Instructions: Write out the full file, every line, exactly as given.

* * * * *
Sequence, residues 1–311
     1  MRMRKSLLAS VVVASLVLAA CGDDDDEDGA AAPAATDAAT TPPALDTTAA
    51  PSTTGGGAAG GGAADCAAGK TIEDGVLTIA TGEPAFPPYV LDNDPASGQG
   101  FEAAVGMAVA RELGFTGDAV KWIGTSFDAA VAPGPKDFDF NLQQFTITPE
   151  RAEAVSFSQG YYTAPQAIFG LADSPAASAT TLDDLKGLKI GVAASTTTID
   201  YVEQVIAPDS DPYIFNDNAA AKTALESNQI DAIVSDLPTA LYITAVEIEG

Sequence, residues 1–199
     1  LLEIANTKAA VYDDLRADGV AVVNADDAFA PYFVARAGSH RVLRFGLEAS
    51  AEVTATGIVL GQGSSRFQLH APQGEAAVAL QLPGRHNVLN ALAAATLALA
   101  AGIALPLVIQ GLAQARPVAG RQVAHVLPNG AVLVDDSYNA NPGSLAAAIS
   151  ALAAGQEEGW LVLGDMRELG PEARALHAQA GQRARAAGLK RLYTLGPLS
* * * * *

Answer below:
Sequence, residues 1–311
     1  MRMRKSLLAS VVVASLVLAA CGDDDDEDGA AAPAATDAAT TPPALDTTAA
    51  PSTTGGGAAG GGAADCAAGK TIEDGVLTIA TGEPAFPPYV LDNDPASGQG
   101  FEAAVGMAVA RELGFTGDAV KWIGTSFDAA VAPGPKDFDF NLQQFTITPE
   151  RAEAVSFSQG YYTAPQAIFG LADSPAASAT TLDDLKGLKI GVAASTTTID
   201  YVEQVIAPDS DPYIFNDNAA AKTALESNQI DAIVSDLPTA LYITAVEIEG

Sequence, residues 1–199
     1  LLEIANTKAA VYDDLRADGV AVVNADDAFA PYFVARAGSH RVLRFGLEAS
    51  AEVTATGIVL GQGSSRFQLH APQGEAAVAL QLPGRHNVLN ALAAATLALA
   101  AGIALPLVIQ GLAQARPVAG RQVAHVLPNG AVLVDDSYNA NPGSLAAAIS
   151  ALAAGQEEGW LVLGDMRELG PEARALHAQA GQRARAAGLK RLYTLGPLS